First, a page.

The Activity Map application displays a heat map of spiking frequency across electrodes. Spike counts from each recording channel are gathered in 20ms bins and mapped to a color for display on the heatmap. The channels are arranged following the map file loaded into Central. This video shows how to adjust the color range, channel position, and time sensitivity of the activity map.
Central—Signal to Noise Ratio
The Signal to Noise application compares the magnitude of extracted spikes to the magnitude of the noise floor to calculate the signal to noise ratio. This video covers sorted spike unit selection, N-value, time binning, pausing and refreshing calculations, scaling, and exporting data for record keeping.
Map files include the physical orientation of electrode arrays and the necessary information to map physical electrode ID and locations to Channel ID’s in Central and other Blackrock software utilities. This video covers the map files included with all Blackrock electrode arrays and how to create custom mapfiles for third party electrodes, open, edit, and save mapfiles in a text editor, and load map files in Central.
The Neural Processing MATLAB Kit, commonly referred to as NPMK, features functions to import Blackrock data files into MATLAB for easy manipulation and analysis. This video covers the two core functions of NPMK, which include opening Blackrock continuous data files (.nsx) and event files (.nev). This video also covers file metadata, data structure, electrode information, and tips for plotting continuous or event-based data from the NPMK data structures.
Blackrock Offline Spike Sorter, commonly referred to as BOSS, is a powerful, yet easy to use spike sorting application that handles large data files with ease. A free trial of BOSS is available at BlackrockMicro.com. This video covers how to load a data file, detect spikes by filtering and thresholding, sort spikes with automatic PCA methods, manually sort or modify the automatic sorting results, and save results into the Blackrock Neural Event (.nev) data format.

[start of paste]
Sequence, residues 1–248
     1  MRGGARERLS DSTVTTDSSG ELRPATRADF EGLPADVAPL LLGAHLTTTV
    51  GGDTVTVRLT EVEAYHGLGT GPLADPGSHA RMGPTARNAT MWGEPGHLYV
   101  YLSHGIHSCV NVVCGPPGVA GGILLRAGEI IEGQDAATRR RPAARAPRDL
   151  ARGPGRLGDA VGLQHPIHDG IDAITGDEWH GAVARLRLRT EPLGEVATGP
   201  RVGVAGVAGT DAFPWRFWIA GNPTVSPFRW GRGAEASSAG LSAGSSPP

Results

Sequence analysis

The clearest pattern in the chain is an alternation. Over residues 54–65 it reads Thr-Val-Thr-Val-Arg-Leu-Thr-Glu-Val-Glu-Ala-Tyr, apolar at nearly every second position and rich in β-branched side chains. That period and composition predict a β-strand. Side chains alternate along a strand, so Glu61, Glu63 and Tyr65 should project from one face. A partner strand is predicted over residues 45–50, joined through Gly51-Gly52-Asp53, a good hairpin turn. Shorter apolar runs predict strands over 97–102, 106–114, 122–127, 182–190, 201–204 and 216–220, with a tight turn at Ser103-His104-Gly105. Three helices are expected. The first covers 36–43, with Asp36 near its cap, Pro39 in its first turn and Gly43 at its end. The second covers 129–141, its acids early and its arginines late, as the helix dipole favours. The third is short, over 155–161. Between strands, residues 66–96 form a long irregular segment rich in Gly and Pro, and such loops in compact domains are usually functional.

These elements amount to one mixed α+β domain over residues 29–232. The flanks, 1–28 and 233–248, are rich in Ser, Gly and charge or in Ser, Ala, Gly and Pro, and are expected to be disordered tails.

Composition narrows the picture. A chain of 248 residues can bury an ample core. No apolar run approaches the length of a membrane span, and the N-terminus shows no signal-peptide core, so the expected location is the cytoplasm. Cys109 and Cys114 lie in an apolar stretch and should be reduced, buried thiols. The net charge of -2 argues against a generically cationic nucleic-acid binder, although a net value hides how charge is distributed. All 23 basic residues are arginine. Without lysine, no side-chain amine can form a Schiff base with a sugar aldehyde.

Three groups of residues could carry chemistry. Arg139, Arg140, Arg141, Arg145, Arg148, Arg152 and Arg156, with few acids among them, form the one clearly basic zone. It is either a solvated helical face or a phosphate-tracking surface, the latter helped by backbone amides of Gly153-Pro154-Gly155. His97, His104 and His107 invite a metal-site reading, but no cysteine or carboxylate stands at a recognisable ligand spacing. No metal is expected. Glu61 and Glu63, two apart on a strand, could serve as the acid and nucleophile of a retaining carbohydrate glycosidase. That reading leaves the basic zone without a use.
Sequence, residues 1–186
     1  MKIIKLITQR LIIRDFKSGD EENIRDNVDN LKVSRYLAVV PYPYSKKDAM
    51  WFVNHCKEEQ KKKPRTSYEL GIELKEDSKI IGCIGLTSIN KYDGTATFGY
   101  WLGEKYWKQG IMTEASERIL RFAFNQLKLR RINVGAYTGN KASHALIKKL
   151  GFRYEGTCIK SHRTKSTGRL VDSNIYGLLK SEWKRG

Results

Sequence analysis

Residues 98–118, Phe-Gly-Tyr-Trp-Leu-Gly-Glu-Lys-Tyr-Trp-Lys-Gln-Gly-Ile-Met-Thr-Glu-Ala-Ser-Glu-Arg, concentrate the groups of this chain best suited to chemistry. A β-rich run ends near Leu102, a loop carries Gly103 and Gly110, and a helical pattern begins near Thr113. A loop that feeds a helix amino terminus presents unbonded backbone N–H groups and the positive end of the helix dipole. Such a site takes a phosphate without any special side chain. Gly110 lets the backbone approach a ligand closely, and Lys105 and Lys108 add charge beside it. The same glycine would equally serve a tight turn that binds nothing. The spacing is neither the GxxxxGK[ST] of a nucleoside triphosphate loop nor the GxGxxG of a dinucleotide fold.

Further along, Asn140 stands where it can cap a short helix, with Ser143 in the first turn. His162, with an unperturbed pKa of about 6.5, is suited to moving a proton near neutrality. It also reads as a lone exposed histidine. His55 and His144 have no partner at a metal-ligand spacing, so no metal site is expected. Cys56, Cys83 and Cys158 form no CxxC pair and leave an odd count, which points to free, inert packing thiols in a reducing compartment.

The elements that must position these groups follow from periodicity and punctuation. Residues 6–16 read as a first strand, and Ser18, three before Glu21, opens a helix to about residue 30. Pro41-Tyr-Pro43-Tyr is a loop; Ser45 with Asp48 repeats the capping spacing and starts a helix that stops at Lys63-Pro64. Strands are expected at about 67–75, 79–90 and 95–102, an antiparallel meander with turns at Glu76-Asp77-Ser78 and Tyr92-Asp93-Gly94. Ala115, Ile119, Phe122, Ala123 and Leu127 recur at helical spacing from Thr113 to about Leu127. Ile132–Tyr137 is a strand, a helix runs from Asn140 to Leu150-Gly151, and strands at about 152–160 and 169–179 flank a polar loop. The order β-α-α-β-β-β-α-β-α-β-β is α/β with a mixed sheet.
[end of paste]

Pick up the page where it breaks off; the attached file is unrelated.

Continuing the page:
CereStm R96 – Stim Manager
The Stim Manager application allows both simple and complex control of Blackrock’s CereStim R96 Neural Stimulator. This video covers how to connect to and run diagnostics on the CereStim, construct a basic manual stimulation waveform, configure waveform parameters, and trigger with external hardware. This video also covers how to create, save, load, and edit complex stimulation programs with pauses, repeats, and many waveforms delivered over many electrodes.
CereStim Matlab API – Stimmex
The CereStim MATLAB API, commonly referred to as Stimmex, is a fully featured MATLAB API for controlling Blackrock’s CereStim R96 Neural Stimulator. It is recommended to watch the CereStim R96 – Stim Manager video before learning about Stimmex. This video covers how to use function calls required to connect to a CereStim, program individual waveforms and complex waveform patterns, set hardware triggers, and trigger stimulation from the software interface. This video also covers test scripts you can run on the CereStim, which also make a great basis for beginning your own programming of the device.